XFM Issues

I have an odd relationship with XFM. When I was at GCap I had quite a bit to do with its distribution strategy and business development, but little to do with programming and marketing. I actually think that’s a good way round, as you can be much more objective about things when you’re not very close to them. However at the same time lots of friends work (and have worked) at XFM so that creates a bond too.

This rambling introduction is to say that there’s been some more changes at XFM, with the axing of Xu (it’s non-stop-ish daytime format) and the re-establishment of presenters. Now, I wasn’t a big fan of Xu, but for different reasons to lots of other people.

Xu was actually a brave idea. It was never about cost cutting. Indeed the money you save from daytime jocks isn’t that much and they were replaced by people creating content – production, interviews, listener calls etc. At best it cost a little bit less, at worse it was probably a little more expensive. I saw the presenterless format as a way to differentiate the station and to provide a clutter-free, music-intensive envirnoment.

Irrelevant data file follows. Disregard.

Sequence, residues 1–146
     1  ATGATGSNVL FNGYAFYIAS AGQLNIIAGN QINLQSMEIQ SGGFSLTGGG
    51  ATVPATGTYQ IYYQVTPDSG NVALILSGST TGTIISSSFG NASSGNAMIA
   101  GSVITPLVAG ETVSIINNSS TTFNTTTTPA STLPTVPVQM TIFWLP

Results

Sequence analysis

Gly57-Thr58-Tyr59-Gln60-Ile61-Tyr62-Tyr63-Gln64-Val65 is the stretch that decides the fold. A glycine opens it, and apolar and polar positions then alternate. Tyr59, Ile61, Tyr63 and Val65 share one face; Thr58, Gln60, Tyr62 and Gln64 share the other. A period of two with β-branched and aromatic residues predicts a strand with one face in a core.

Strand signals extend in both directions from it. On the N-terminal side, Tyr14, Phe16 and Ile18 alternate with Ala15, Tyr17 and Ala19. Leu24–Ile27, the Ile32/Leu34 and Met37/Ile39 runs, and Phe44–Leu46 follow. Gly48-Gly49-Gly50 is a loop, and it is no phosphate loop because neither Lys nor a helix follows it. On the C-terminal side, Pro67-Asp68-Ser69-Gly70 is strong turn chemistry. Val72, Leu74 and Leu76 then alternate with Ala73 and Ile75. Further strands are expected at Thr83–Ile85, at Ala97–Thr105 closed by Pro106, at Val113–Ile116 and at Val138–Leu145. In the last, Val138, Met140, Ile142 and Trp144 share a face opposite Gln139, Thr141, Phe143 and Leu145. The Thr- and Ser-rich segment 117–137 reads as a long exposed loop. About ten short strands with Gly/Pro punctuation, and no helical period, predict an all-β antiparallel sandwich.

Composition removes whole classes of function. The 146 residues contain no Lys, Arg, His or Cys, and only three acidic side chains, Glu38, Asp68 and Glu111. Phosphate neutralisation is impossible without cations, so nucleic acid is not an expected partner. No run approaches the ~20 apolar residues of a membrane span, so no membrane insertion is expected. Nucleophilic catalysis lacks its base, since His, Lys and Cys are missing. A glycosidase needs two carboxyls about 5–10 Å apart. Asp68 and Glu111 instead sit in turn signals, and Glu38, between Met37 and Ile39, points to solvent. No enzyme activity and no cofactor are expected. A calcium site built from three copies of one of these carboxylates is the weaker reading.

In reality, when I listened, there was much more clutter. Loads of voices and production, trying to make up for a lack of presenters which I think confused the lot.

Part of the reason something ‘had to be done’ about XFM is its relatively low audience figures. It’s built over the years – but a male indie rock station should be doing better than it is. It’s generally a great listen and daytime is very accessible, but the needle rarely moves. At the same time the last few years industry music flow have been dominated by indie music so surely it should be doing better? Unfortunately it’s a little more complex than that.

I think the biggest problem with XFM is, strangely, the name. It creates a paradox. To new listeners XFM screams alternative, different and probably a bit scary. X X X X X X X. It’s aggressive, left-field and a bit, er, grrr. However, the problem it faces is that if it delivers on that grrrrr brand message you won’t get that many listeners. Whilst there is absolutely a market for a properly alternative radio station playing mostly non-popular songs. There just aren’t many of them. To gain a decent commercial-radio sized audience you need to balance the alternative and the pop-indie together. Which XFM, generally, does well.